Written by Justine Mariscal
When taking on his role three years ago as coordinator for Fort Worthington Elementary/Middle School in Baltimore, Maryland, Justin Hunt was faced with challenges of having to merge three different school cultures and communities into one building. This was an intricate task in a city where the culture of each community changes from block to block. When an overflow of three hundred students showed up on the first day, Hunt knew that he had to do some serious work to ensure that every student would be successfully integrated into one school culture and community.
Sticking to his beliefs, building the people and they will build the community, and every voice deserves to be heard, Hunt set up focus groups with students, parents, and school leaders, along with community members and partners to listen for their needs and wants. Acting as a bridge for communication and support, Hunt diligently assessed what they could all offer each other. Hunt also met with school staff and administrators to ensure they were on track with the goals of the school, coaching them through new ways of collaborating with each other and interacting with parents. Going the extra mile to align everyone’s values and practice was consistent, multiple meeting and Google Hangout video calls were scheduled throughout the first year. To ensure that everyone could see that their voices were being heard, Hunt took ideas brought up in needs assessments and converted each one into an activity added onto the school calendar.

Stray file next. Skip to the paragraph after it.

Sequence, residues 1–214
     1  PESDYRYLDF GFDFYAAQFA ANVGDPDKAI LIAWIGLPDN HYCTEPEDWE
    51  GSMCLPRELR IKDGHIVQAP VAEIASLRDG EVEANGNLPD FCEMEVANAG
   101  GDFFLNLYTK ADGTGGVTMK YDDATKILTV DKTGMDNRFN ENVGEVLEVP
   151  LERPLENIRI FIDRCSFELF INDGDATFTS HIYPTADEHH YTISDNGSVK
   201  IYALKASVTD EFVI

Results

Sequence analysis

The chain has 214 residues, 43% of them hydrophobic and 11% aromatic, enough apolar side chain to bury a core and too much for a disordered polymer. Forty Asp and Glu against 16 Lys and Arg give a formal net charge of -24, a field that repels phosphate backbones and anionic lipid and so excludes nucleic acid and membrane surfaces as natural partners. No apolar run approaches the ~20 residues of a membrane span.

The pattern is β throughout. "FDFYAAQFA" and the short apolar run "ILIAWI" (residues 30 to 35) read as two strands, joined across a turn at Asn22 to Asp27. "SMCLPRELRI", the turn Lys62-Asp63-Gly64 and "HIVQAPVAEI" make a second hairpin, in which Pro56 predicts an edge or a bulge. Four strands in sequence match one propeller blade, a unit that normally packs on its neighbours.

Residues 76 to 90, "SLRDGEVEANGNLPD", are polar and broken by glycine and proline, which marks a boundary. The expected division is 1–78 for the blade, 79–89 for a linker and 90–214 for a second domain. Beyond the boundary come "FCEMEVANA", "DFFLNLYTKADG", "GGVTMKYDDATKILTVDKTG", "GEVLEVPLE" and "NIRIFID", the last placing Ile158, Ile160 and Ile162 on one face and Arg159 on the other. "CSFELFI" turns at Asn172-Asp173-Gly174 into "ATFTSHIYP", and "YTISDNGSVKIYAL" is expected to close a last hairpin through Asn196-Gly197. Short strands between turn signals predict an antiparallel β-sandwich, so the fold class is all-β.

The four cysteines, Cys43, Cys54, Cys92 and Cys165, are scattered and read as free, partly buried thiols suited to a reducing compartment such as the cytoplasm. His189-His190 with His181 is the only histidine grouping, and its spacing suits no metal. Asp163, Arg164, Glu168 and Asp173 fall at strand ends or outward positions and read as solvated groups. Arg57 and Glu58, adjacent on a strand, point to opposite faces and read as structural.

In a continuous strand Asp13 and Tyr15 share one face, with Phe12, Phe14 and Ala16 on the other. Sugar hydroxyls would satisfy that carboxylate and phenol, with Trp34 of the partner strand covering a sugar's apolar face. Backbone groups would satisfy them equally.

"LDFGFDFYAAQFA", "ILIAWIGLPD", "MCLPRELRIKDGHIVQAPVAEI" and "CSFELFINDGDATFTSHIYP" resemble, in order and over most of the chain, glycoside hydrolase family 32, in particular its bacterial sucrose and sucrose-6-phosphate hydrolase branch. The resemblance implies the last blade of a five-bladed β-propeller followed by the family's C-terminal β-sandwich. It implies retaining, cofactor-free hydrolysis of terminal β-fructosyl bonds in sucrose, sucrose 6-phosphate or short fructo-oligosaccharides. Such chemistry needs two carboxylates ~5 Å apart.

One of the biggest concerns that was brought up during his meeting with parents, was the lacked the educational support to help their children with their homework and volunteer in classrooms. As a solution, Fort Worthington partnered with Baltimore County Community College to offer GED classes to parents and community members. To eliminate the need for childcare, the classes were held during regular school hours. This engagement led to having the first 11 members earning their GEDs and not only began volunteering in the classrooms but encouraging other parents and community members to enroll in the next round of classes. This drove to doubling the enrollment for the second year with a 90% graduation rate.
Another way that Justin was able to increase community and family engagement was by looking to his Community Schools Action Plan, which was to engineer most of their programing and resources for parents and community members into one location. Hunt accomplished this by working with school leaders to merge the Instructional Leadership Team, School Family Council, and Community School Steering Committee into one overarching committee that was centered on increasing family and student engagement. The joint committees came up with the idea of hosting family engagement night events with the goal of making sure they were not only educational but entertaining as well. Knowing that parents would be encouraged to show up if their child was in a performance, family engagement night events became a place where the school’s Title 1 meetings were merged into their Out-of-School Time program (OST) celebrations. During Title 1 meetings, parents and community members were educated on the source of school’s funding along with where the money is being invested, and being made aware of parent leadership opportunities where they can use their voices to speak up and actually influence how the school allocates funds. This has created open communication between parents and the school's principal which has encouraged an increase in attendance. Fort Worthington now sees and average 800 people at each family engagement night event.